Latex Weapons vs Boffer Weapons

Shotgun_Holiday

Retired User
I think this is just a matter of personal taste. Sure, boffers are a bit safer than latex, but latex can be just as safe with lighter hits. A comparison between the two is kind of pointless. I'm sure some will disagree, but thats what I think.



IMO then again, obviously everything I say is my opinion, so I'm never goning to post that acronym again.
 

Macmonogog

Retired User
I found this Thred on a google search and read it becose a Larp i am playing now in the US is starting to allow Latex weapons.

Personaly i have seen some intresting Hibread weapons using latex hilts and blades but cloth covered striking surfaces. Also i have seen Rubber weapons rather than Latex wich is sapose to be softer and more boffer like.

I am learning how to make latex weapons now and the cost isent to much, if you are making a real high end boffer weapon for nero its not to far from the same cost. only problem is foam for latex weapons seems to only come by the yard.

In tearms of safty. I think if nero bumped over to Latex such as the latex larps that where talked about there would be big problems for the simple fact that its a fast moving combat system that swings are not pulled. but the cost of a latex weapon shouldent be to bad if your dishing out the muny to play an expensive game like nero. Miss one event and you got the muny for a half deasent latex weapon.

now when it comes to looks. Boffer weapons have a look of there own. It is tuff to explain but its like compairing cars to trucks. Shore our boffer swords or move faster and look a bit more sleek but you will always pefer your Latex weapons wich look semi realistic and let poeople know when they get hit.

As far as Latex comming to US larps im aposed to it but its inevitble so why not just try and work on makeing a Boffer safe latex weapon. use solid fiber glass cores to cut down on bulky ness or use small squaired Carbon fiber shafts. your sword will end up beeing about an inch and a quarter thick if you follow nero standards but oh well. Latex will make it heavy but swing better. and the open cell phome staying on the end... while that im still working on but im shore it can be done.

I think this arguments just the sercomstance of what tech hit where at the right time. Latex hit one half the world Nylon hit the other. before that we where both using duck tape/ gaff tape. Personlay i do skoff at larpers that still use duck tape. ill admit it. just like im shore you guys across the ocean do to.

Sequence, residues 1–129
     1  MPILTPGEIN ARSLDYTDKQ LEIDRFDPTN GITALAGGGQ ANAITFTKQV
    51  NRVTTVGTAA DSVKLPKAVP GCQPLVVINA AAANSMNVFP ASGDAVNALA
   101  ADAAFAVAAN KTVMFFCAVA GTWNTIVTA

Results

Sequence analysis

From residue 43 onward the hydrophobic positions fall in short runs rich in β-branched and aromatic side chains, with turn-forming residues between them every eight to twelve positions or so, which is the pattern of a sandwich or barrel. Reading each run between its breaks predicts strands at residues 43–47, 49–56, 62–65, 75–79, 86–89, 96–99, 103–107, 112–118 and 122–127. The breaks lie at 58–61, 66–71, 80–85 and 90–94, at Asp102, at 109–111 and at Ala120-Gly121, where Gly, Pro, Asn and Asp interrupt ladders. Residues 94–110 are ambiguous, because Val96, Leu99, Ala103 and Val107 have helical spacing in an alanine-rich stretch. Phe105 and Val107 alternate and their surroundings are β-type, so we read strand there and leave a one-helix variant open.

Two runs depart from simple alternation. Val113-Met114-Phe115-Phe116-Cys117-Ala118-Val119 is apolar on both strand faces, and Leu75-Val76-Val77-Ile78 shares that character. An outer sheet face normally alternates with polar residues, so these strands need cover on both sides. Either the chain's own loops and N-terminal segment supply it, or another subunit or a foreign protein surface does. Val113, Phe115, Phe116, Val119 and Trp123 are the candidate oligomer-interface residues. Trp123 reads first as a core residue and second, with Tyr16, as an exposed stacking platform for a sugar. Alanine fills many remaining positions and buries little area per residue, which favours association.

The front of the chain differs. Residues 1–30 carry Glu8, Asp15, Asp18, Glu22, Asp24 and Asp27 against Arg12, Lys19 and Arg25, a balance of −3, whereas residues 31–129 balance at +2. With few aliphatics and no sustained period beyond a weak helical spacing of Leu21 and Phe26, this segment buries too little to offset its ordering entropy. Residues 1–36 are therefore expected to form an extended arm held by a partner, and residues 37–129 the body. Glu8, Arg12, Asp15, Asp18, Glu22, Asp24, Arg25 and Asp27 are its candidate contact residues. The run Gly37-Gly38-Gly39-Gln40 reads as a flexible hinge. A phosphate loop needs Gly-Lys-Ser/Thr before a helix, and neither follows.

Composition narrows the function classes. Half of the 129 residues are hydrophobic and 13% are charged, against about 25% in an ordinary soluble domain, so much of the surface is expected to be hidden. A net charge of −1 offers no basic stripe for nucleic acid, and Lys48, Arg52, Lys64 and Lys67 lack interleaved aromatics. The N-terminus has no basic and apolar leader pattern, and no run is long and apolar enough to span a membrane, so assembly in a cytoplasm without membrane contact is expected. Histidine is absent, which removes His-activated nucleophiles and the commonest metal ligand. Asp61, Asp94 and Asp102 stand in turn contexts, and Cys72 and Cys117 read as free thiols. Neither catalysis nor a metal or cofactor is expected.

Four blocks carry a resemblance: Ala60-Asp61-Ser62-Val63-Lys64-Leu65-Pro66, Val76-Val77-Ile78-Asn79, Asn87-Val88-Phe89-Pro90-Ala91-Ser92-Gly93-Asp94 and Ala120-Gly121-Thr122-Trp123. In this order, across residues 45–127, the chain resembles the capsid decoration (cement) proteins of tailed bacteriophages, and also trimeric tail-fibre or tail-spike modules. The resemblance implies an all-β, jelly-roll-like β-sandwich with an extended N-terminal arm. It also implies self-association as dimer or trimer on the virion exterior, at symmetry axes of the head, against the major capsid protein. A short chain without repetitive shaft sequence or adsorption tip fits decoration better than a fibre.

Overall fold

One mroe note on Nero or any game using Simmilar weapons that are chainging to latex. I think its an insult to the players who have become experts at makeing weaposn to allow Weapons that dont meat a games safty standard. I have yet to see a laytex weapon with a 2ich open cell foam thrusting tip and 1/2' foam on all sides (including flat). I dont like how latex weapon companys can skip these rules purly on the fact they look nice to some. I am having a simmilar issue with the larp i play now with almost exact safty rules to nero. I picked up the approved latex weapons, at first i made fun of them becose they are heavy then my boff swords. wasent apposed just thoguht they where a step down rather then a step up. Than i felt core on the flat side and realised the foam was only about 1/4 or less thick. also felt core on the pomal. For a Nero or Neroesk stile larp thats just not safe.
 

Anotherheathen

Retired User
Greetings Friends,

I'm hoping to try my hand at building some latex weapons but I'm running up against some obstacles here right out of the starting gate. Is anyone familiar with suppliers here in the U.S. of either the recommended Calogen or Plastizote foams? I've been doing exhaustive web searches and keep coming up empty.

Also, what type/brand of latex are folks using? All I can find is mold making latex. Is this the stuff I need to be using?

Any help you can offer will be greatly appreciated.

Thanks.

- Owen
 

tzanti

BFG (Bald, Fat Git)
I'm a weapon checker in two of the UK fest LRP systems. Much of what we do while checking weapons for safety is to advise players on what they need to do to keep their weapons in good nick. Typically, we will try to point out any damage occurring to the weapon, and estimate how long (in terms of events) until it becomes a problem.